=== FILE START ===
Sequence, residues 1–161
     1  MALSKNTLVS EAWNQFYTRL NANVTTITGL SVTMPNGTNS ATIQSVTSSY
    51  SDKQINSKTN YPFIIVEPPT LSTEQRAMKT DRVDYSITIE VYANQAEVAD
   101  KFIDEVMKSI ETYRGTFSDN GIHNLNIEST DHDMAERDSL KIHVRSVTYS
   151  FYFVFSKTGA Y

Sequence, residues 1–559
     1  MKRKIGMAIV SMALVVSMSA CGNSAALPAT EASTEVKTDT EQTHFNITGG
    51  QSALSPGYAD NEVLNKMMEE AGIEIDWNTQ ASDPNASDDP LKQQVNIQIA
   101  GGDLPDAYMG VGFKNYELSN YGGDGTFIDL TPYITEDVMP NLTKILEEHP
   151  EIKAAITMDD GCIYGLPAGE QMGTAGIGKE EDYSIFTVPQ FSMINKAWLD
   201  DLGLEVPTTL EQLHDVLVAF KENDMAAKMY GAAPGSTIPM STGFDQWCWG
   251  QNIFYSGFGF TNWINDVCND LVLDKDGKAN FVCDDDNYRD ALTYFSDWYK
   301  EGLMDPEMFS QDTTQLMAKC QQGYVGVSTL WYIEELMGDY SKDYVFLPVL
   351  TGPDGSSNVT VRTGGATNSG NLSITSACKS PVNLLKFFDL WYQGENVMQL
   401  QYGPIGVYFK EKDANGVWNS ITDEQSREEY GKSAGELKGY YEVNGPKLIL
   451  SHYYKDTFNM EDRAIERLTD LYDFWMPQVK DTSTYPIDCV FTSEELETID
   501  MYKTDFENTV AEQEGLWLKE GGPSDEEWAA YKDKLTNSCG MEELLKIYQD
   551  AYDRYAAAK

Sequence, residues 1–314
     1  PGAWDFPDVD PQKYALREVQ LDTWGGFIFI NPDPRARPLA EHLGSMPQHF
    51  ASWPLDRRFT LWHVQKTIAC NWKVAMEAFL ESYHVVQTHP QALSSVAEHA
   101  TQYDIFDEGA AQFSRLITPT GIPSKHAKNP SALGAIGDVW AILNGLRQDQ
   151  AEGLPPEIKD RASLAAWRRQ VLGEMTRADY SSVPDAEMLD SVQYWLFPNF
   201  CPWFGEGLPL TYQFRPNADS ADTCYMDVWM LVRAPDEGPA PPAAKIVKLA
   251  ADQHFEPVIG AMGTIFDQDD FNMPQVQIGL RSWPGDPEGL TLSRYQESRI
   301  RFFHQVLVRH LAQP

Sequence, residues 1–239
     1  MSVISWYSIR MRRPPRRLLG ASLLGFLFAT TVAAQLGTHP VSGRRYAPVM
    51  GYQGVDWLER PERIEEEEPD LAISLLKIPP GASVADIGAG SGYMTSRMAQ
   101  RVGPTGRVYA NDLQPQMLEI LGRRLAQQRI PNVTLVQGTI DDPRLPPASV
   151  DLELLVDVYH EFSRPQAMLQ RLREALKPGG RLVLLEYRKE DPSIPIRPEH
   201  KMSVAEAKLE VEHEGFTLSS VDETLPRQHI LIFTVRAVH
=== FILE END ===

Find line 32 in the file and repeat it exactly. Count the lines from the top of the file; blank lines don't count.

   201  KMSVAEAKLE VEHEGFTLSS VDETLPRQHI LIFTVRAVH